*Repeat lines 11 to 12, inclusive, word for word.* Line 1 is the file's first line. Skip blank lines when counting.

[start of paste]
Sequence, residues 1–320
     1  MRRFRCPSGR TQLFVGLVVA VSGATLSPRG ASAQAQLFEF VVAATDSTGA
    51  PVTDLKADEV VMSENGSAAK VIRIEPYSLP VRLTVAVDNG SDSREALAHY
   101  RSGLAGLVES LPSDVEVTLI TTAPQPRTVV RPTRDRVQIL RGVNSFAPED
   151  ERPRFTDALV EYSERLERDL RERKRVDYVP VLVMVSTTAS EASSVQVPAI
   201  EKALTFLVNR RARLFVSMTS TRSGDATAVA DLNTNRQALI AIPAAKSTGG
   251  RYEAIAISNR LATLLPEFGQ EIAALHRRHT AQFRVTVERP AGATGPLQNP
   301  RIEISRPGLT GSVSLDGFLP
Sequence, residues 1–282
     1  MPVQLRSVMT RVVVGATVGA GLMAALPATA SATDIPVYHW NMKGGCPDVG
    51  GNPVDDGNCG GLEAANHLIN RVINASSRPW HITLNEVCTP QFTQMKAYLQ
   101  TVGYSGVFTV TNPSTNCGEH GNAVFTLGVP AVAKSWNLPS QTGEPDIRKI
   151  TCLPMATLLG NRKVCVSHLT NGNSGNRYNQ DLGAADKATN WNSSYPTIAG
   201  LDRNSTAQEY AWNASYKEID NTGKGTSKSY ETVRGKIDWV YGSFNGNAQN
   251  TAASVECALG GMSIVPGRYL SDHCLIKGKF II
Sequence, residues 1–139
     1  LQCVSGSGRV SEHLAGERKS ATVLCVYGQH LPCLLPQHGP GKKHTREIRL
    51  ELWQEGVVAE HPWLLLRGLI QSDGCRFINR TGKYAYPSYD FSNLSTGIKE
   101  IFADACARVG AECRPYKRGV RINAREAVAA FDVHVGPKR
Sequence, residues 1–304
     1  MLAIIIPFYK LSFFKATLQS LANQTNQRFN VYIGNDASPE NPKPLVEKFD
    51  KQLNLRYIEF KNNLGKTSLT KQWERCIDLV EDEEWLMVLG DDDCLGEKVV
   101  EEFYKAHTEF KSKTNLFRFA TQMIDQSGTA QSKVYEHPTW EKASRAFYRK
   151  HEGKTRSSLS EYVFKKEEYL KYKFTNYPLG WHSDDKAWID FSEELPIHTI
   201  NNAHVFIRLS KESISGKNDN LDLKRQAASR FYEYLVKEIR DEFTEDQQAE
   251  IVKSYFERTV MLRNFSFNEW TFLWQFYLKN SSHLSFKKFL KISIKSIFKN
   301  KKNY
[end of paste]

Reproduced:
    51  GNPVDDGNCG GLEAANHLIN RVINASSRPW HITLNEVCTP QFTQMKAYLQ
   101  TVGYSGVFTV TNPSTNCGEH GNAVFTLGVP AVAKSWNLPS QTGEPDIRKI